This was a triumph of both style and substance by Italy – the scale of destruction for Scotland’s future rugby talent can hardly be over-stated.
This could not be sugar-coated by judging it in terms of development, or explained away by lack of match action. It was simply awful in almost every way, eclipsing the previous worst 19 point margin of Six Nations defeat to the Italian U20s.
Italy are better at this level than in the senior Six Nations, but they were without a win so far in this tournament and this was expected to be the chance for the Scots to get off the mark themselves.
While there were areas of encouragement in the defeats to Ireland and England, parts of the game which functioned well for periods of time, there was nothing, zip, nada to cling onto here.
The lineout which provided a platform against Ireland was picked off at will by the Italians. They even poached high throws at 6’9” Scottish captain Alex Samuels.
The breakdown, which was strong against England, was even worse as the Italians gained countless turnovers.
A weak scrum, missed tackles, kicks going straight into touch, restarts going wrong – it was a long list of problems for Scotland.
“It was quite embarrassing to be honest, it wasn’t what playing for Scotland is about. We talked afterwards about respecting the thistle we wear on our chest,” admitted captain Alex Samuels.
Coach Sean Lineen added, “We were poor, very poor. We didn’t see that coming. Italy were good, they won the contact battle hands down, but we didn’t win our lineouts and didn’t fire a shot in attack.
“It was a really below par performance all round, very, very disappointing. They are a group of young lads trying to find their game so everyone has to work really hard.”
But amazingly it ran deeper than that. When they did attack, Scotland were formulaic, predictable and almost waiting for the ball to be lost.
Italy played with brio, excitement, endeavour. The first try after just five minutes started on their own try line and was finished with panache by right wing Flavio Pio Vaccari, setting them on their way with a touch of class.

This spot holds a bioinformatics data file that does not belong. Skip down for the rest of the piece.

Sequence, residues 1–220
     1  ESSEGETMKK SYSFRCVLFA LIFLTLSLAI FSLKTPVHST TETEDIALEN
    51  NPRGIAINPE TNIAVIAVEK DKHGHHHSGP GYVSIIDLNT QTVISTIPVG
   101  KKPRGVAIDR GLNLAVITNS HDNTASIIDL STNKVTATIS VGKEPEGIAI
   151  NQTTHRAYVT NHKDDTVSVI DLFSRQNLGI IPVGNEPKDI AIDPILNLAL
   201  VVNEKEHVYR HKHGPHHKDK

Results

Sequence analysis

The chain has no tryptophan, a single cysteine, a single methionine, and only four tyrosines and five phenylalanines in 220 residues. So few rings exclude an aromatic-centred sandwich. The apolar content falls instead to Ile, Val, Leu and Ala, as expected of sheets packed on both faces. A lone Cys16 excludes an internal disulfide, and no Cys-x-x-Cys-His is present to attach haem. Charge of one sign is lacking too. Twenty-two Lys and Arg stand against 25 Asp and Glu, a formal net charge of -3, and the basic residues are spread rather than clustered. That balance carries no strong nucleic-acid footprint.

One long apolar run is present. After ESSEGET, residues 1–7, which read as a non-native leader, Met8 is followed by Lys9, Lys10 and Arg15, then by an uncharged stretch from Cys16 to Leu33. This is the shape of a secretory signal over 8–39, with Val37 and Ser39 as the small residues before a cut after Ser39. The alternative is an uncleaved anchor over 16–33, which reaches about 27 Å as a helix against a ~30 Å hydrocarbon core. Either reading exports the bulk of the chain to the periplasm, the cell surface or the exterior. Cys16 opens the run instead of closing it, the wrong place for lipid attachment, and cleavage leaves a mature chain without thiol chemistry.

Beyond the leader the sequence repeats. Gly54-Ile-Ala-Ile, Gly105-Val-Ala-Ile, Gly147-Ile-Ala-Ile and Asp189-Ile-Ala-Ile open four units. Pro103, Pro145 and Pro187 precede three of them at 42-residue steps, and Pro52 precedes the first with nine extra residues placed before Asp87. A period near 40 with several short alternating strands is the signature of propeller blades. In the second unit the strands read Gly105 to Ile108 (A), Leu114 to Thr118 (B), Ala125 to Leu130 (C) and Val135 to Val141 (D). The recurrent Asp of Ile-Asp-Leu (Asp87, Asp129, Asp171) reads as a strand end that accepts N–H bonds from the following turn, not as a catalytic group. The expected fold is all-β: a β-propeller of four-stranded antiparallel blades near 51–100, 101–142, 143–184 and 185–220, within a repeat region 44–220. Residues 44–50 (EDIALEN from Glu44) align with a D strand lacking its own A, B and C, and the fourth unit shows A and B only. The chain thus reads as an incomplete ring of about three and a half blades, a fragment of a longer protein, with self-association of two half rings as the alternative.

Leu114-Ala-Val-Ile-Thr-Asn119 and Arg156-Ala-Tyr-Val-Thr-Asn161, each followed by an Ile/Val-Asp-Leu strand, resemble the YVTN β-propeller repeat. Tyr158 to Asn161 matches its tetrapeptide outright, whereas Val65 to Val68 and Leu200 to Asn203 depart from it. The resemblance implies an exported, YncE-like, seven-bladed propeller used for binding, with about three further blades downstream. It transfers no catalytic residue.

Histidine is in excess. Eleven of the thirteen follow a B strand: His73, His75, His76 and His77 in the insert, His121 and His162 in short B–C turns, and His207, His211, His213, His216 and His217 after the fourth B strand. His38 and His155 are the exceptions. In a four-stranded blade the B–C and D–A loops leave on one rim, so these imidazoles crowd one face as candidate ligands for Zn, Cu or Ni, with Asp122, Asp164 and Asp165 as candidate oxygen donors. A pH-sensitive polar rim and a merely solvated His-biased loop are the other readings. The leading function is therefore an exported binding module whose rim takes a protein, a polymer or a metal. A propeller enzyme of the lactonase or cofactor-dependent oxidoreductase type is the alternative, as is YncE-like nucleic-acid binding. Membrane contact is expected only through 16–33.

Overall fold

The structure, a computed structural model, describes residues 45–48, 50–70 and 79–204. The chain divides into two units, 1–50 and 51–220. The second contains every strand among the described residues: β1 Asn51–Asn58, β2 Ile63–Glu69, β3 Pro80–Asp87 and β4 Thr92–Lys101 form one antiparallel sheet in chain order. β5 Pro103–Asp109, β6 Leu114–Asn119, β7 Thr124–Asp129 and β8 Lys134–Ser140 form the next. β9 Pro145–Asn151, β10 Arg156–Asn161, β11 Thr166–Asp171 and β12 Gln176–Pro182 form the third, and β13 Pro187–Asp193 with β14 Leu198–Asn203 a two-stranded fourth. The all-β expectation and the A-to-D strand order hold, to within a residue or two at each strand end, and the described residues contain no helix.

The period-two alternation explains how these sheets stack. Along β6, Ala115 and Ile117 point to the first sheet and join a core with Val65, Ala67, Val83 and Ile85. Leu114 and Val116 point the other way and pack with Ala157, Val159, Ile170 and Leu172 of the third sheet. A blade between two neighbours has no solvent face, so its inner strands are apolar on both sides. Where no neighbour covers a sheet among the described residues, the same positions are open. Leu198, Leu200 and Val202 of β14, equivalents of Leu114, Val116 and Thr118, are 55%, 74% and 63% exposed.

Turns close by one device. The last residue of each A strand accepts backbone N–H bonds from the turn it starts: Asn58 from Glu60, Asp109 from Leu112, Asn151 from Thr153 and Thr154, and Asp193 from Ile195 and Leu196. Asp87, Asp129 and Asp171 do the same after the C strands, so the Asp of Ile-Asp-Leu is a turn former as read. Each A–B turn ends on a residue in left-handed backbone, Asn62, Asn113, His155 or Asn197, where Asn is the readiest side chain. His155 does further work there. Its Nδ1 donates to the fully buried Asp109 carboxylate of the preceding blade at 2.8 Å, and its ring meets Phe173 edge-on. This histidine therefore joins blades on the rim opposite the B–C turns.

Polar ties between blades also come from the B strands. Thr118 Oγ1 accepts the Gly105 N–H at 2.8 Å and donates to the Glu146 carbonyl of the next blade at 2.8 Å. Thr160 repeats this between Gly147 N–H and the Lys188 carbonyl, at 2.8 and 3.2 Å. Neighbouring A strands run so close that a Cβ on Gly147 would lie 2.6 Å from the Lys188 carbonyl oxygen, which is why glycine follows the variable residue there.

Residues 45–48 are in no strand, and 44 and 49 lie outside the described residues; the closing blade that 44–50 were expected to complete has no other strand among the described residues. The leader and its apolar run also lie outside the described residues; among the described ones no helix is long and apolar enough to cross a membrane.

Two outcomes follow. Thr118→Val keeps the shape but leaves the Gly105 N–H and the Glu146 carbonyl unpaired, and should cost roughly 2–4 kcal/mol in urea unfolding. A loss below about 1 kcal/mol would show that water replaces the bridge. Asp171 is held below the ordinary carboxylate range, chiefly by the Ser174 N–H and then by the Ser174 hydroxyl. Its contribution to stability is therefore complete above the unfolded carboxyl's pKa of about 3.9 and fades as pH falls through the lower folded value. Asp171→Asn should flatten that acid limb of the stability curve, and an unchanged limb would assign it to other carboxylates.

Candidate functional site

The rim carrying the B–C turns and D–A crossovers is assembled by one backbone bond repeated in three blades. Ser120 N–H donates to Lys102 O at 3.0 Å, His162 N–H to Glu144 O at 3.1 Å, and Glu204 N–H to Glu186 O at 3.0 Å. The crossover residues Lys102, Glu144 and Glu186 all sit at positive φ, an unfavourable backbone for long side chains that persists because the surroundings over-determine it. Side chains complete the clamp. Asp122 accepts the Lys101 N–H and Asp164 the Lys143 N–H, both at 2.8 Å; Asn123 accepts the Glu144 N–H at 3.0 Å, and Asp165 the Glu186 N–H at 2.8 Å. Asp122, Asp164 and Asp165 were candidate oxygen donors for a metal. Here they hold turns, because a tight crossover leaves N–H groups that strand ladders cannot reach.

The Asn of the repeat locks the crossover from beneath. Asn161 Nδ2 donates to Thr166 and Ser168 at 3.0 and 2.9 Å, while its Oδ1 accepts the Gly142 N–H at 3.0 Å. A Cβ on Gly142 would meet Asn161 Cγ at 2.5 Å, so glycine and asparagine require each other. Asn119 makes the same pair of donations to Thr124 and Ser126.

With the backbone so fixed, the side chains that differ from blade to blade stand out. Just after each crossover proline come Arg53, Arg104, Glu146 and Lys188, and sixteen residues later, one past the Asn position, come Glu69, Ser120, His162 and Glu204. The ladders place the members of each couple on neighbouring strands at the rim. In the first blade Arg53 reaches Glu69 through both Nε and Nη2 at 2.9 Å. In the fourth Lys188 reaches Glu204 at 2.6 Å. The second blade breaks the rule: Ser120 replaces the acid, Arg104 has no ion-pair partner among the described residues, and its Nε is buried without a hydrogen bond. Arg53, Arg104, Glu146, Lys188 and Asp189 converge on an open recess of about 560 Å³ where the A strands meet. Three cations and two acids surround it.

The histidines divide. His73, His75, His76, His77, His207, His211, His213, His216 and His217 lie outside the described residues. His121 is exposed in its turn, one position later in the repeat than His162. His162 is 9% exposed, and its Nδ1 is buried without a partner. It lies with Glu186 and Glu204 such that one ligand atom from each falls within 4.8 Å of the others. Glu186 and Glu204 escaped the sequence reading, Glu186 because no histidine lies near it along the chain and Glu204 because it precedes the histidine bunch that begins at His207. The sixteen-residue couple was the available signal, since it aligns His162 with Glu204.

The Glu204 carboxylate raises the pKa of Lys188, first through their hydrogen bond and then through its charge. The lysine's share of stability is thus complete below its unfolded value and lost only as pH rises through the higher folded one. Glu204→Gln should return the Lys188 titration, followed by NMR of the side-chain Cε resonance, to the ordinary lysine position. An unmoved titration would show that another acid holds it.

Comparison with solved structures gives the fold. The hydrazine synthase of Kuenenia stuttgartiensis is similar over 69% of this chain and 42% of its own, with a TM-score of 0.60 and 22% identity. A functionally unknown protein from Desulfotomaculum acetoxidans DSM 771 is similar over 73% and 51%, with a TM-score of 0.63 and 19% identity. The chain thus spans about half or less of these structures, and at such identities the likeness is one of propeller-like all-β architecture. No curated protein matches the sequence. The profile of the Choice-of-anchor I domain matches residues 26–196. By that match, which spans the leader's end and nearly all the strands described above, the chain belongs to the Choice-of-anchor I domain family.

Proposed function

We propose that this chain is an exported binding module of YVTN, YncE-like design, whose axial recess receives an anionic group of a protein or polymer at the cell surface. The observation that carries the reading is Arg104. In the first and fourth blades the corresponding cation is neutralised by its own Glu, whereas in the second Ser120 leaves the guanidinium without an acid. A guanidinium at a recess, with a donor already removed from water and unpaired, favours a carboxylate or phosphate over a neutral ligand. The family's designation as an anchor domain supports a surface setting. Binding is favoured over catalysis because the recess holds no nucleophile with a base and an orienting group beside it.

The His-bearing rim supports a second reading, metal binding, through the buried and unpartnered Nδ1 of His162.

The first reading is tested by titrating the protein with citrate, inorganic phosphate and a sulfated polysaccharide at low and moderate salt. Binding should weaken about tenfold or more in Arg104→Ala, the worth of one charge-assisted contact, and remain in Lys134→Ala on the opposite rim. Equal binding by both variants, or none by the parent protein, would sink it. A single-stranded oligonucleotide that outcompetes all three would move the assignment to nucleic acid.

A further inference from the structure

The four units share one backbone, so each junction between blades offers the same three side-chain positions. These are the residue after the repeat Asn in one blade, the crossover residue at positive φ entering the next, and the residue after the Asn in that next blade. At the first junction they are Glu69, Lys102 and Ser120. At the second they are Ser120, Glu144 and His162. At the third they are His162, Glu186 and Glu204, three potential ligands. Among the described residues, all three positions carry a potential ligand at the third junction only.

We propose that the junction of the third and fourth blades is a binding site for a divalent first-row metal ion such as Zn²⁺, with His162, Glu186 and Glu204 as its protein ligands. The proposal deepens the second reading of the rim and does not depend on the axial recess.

They scored from long range and short range, with directness and width, there was no area of the game where they were not better.
So to try to find something, anything positive about Scotland. Scrum half Murray Redpath was a lone figure trying to spark something in the first half. They plainly had a rocket at half-time and came out with determination, though even that was undermined by regular loss of possession.
Scotland’s best period of pressure came after the 80 minutes were up. Perhaps predictably that ended with a lost ball rather than a consolation score.
Scotland have a tough few days to regroup before facing France, a team they have never beaten at U20 level, and then hosts Wales. At least it can’t get any worse – can it?
Scorers: Italy: Tries – Vaccari, Pani, Neculai, Andreani, Albanese, Spagnolo. Cons – Marin (2). Pens – Marin (2), Teneggi.
Scotland U20: Pen – Scott.
Scotland: E Gourlay (A Clayton 68); A Scott, T Glendinning (M Gray 40), S King (C Townsend 40), F Callaghan; C Scott, M Redpath; C Lamberton (M Jones 40), J Drummond (P Harrison 47), G Breese (O Frostick 58), M Williamson (,E Ferrie 58), A Samuel (Capt), A Smeaton, O Leatherbarrow (R Tait 58), B Muncaster.
Italy: L Pani, FP Vaccari, T Menoncello, F Drago (A Fusari 66), S Gesi; L Marin N Teneggi 66), M Albanese; M Spagnolo (L Rizzoli 20-33, 62), T Di Bartolomeo (M Baldelli 17-23), I Neculai (M Hasa 56), G Ferrari (F Boschetti 56), N Piantella A Angelone 69), L Andreani (C), RM Vintcent, L Cannone (G Cenedese 62).
Referee: Tual Trainini (France)